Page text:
... went very well! I'm soooooooo impressed with the DaVita unit here in El Caljon, CA. They have a beautiful unit and all new equipment. The staff is very nice, too. I was worried I might encounter problems but nothing has gone wrong. My next treatment isn't until Tues so I'm trying hard not to drink too much in the dry desert of San Diego.
Did I mention I'm going to Ramona, CA (San Diego) next week (leaving Friday, coming back on the 4th of August)? Wanna know why? I need to get a handle on my life. I feel like I'm going no where. I've lost my motivation. All I want to do is lay in bed, watch TV, and/or sleep. Nothing else. Someone recently brought up the possibility that I might be depressed. Humm, maybe, I don't know. I don't feel sad or hopeless, just under-motivated. Someone else suggested maybe I'm having a hard time dealing with kidney failure. That could be, I suppose, but, I doubt it. I don't really have a mental fixation on it (well, other than obviously rather having kidneys than not.) I've had a long time to get used to it and accept what it is. Another someone suggested I consider anti-depressants. No way. I would have to literally be suicidal or crazy to add more drugs to my daily regime. Some people can truly benefit from those medications, but, I don't really think they are for me. I will not expect less of myself (or let others expect less of me) just because of THIS. I won't. I just need.... some... time? I think my lack of motivation comes from my lack of working. I miss my job, even though I worked my TAIL OFF and sometimes felt (physically) bad because of it. I miss having a reason to go out of the house each day, I miss having other people depend on me. I miss the praise I used to get and the satisfaction I had from working. Yeah. I need to get a handle on this. I do have lots of positive goals - I want to go back to school, get a degree, a part-time job, spend more time with Alek & Ken... lots of things. But, I've got to find some motivation to really act on them or I'm going to get stuck here forever. The lack of "a thousand things to do at once" in my life is annoying. If I don't have all those things to do I seem to get nothing done. San Diego (specifically the people I'm going to visit) has always been my "safe-haven". My son is going with me and while we're there we'll celebrate his 4th birthday. The only thing I wish could be different is that I wish Ken could go... So, I'm going out there to think - away from the usual every-day life stresses.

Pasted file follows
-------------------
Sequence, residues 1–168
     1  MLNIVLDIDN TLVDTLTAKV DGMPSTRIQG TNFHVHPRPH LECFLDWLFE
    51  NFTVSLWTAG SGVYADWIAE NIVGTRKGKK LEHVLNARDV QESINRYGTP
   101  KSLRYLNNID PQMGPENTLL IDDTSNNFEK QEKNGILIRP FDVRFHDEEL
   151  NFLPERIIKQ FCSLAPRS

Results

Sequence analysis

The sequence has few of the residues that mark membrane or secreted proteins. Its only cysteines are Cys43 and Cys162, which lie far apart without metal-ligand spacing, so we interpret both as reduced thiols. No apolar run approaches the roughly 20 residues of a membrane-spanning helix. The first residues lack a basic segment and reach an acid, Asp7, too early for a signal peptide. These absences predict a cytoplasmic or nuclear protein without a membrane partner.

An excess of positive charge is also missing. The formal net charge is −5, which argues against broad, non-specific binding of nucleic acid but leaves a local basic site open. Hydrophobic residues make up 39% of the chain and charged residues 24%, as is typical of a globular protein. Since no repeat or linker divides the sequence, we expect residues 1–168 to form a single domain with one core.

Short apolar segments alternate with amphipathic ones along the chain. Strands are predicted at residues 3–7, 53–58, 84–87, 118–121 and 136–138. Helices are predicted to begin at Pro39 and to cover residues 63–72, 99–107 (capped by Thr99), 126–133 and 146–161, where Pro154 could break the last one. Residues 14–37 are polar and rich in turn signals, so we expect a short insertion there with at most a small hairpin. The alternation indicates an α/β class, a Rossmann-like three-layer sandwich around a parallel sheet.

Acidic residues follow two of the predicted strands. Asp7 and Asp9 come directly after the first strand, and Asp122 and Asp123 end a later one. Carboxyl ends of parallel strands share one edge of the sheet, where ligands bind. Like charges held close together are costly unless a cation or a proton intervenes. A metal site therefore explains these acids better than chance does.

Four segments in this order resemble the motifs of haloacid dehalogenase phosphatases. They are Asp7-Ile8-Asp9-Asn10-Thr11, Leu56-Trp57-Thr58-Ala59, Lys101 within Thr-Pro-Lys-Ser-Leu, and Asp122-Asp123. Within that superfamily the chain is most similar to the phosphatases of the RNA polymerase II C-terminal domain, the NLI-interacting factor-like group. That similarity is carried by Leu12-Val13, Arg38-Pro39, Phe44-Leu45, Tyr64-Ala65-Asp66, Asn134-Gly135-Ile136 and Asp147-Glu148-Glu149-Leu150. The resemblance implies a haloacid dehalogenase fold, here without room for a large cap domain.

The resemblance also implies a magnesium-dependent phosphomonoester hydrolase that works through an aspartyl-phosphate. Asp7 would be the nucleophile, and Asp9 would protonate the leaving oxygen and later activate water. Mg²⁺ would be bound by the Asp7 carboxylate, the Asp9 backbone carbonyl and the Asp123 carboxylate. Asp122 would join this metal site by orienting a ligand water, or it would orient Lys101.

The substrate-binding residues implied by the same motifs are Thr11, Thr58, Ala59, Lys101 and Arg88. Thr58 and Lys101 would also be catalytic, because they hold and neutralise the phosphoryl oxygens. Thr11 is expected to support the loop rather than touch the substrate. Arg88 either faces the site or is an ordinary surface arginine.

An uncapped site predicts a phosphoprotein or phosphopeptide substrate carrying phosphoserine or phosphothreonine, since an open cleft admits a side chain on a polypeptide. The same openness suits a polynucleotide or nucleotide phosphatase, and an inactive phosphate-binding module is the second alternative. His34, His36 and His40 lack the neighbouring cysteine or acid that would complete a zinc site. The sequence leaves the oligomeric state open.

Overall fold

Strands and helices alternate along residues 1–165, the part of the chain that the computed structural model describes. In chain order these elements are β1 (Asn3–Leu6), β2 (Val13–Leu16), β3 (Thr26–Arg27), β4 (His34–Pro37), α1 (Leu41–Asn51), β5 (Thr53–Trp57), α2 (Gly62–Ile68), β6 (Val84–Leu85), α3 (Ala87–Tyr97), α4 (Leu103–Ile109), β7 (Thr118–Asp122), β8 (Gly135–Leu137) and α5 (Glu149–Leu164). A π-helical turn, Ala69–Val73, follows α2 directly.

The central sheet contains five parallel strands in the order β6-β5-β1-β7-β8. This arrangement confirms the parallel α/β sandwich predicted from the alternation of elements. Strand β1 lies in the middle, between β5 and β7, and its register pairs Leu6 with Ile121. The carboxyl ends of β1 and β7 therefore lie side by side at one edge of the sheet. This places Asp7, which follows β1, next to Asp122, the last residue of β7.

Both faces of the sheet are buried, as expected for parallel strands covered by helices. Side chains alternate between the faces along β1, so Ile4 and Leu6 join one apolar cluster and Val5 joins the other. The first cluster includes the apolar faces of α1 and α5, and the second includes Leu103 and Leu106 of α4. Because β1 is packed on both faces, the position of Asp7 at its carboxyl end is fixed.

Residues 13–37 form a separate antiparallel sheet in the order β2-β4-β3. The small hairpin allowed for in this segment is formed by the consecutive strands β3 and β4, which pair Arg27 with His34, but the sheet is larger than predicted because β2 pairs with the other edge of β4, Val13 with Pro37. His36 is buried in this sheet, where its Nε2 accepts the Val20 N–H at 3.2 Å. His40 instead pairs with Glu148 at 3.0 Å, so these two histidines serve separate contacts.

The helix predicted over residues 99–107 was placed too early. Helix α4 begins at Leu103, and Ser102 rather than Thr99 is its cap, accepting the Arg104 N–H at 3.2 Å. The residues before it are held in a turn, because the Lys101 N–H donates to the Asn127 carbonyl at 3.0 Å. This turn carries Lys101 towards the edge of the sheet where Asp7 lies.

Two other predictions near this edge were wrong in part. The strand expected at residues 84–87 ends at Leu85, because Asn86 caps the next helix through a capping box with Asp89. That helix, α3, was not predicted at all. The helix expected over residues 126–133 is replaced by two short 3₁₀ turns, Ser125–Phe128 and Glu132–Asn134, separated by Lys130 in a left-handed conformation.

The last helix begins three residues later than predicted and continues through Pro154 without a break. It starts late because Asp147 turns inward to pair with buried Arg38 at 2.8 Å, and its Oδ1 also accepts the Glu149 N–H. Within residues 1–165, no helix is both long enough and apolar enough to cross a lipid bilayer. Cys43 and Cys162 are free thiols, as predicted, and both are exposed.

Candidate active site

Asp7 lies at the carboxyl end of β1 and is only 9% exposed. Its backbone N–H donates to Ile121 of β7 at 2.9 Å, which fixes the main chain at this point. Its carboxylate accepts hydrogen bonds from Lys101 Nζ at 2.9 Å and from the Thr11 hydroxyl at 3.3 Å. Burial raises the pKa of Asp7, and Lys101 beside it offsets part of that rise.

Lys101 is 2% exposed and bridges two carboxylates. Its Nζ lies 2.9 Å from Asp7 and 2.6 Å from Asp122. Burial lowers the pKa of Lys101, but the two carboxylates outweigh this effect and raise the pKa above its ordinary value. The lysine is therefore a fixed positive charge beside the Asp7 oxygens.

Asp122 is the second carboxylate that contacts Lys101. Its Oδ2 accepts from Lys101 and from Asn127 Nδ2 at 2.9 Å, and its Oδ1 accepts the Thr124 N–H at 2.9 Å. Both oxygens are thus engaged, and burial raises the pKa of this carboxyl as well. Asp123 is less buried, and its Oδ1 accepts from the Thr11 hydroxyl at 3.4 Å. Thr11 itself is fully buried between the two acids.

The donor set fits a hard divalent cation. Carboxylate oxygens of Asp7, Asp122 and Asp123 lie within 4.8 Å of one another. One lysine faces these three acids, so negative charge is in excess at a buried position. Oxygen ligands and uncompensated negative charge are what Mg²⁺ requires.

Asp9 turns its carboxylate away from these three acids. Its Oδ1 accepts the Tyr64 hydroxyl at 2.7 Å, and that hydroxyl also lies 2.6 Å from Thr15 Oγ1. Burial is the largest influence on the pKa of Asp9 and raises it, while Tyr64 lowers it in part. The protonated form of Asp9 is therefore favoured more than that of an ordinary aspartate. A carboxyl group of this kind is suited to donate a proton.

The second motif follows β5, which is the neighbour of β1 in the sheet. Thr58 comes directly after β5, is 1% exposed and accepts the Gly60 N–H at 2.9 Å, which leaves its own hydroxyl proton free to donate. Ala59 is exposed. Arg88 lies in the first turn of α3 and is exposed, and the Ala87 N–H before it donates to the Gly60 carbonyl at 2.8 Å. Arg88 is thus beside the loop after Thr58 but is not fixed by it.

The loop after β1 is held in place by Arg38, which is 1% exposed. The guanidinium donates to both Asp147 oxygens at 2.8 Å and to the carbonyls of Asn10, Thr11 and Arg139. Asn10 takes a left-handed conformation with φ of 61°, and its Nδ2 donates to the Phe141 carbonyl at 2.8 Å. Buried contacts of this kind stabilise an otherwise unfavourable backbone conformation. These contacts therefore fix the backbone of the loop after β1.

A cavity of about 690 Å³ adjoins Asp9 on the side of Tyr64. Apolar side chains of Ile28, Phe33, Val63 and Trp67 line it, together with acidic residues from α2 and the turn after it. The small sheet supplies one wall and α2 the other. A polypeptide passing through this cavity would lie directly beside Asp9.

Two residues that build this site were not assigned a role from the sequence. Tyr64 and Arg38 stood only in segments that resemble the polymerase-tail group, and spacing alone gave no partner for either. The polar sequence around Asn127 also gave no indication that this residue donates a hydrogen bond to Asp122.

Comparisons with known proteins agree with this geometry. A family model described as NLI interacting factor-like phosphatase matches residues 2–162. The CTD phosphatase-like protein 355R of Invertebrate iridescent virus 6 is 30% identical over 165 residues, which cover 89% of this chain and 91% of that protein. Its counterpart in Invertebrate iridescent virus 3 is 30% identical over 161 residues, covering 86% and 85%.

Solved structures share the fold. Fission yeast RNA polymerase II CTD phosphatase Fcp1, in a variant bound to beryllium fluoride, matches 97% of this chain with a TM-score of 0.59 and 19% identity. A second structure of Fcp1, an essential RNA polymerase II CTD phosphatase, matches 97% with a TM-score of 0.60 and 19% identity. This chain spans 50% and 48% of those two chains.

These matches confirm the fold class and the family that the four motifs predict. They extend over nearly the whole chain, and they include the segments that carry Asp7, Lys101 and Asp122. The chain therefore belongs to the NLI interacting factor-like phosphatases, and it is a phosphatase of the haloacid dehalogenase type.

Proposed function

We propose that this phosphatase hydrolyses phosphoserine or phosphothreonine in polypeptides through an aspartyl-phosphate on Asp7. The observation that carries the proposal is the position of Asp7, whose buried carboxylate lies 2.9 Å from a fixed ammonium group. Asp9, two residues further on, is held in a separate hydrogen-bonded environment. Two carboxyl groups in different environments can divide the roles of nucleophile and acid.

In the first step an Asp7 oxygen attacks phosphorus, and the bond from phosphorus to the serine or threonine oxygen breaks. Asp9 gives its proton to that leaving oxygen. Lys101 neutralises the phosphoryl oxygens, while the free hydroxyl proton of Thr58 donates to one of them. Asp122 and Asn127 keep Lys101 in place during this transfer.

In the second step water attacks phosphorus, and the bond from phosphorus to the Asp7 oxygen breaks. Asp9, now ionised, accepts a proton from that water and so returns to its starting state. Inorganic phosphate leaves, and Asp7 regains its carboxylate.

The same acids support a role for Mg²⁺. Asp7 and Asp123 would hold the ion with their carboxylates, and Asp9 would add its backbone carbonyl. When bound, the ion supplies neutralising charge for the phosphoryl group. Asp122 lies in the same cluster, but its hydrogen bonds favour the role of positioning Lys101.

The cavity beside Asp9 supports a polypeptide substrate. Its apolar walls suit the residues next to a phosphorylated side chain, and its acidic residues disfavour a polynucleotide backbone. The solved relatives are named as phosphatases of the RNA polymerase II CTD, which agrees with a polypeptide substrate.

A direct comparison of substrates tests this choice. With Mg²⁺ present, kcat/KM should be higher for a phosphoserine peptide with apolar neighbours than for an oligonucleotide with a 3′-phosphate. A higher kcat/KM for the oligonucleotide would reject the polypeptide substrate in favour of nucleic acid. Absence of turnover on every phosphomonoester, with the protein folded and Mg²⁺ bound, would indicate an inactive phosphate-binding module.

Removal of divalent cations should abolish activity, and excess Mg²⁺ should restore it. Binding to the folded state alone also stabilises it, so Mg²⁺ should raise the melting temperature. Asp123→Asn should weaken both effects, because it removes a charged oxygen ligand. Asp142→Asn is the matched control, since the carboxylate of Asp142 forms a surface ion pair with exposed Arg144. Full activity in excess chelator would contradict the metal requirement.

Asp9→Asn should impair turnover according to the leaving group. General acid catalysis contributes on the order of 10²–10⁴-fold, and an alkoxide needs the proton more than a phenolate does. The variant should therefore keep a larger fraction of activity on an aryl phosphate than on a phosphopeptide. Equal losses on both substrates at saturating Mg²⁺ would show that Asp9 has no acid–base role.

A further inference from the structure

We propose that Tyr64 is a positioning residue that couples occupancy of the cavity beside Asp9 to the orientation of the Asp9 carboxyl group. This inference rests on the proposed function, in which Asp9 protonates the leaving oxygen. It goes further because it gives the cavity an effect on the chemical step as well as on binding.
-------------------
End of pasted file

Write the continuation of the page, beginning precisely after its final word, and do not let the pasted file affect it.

Focal segmental glomerulosclerosis (FSGS) describes scarring in scattered regions of the kidney, typically limited to one part of the glomerulus and to a minority of glomeruli in the affected region. FSGS may result from a systemic disorder or it may develop as an idiopathic kidney disease, without a known cause. Proteinuria is the most common symptom of FSGS, but, since proteinuria is associated with several other kidney conditions, the doctor cannot diagnose FSGS on the basis of proteinuria alone. Biopsy may confirm the presence of glomerular scarring if the tissue is taken from the affected section of the kidney. But finding the affected section is a matter of chance, especially early in the disease process, when lesions may be scattered. Confirming a diagnosis of FSGS may require repeat kidney biopsies. Arriving at a diagnosis of idiopathic FSGS requires the identification of focal scarring and the elimination of possible systemic causes such as diabetes or an immune response to infection. Since idiopathic FSGS is, by definition, of unknown cause, it is difficult to treat. No universal remedy has been found, and most patients with FSGS progress to ESRD over 5 to 20 years. Some patients with an aggressive form of FSGS proceed to ESRD in 2 to 3 years. Treatments involving steroids or other immunosuppressive drugs appear to help some patients by decreasing proteinuria and improving kidney function. But these treatments are beneficial only to a minority of those in whom they are tried, and some patients experience even poorer kidney function as a result of therapy. ACE inhibitors may also be used in FSGS to decrease proteinuria. Treatment should focus on controlling blood pressure and blood cholesterol levels, factors that may contribute to kidney scarring.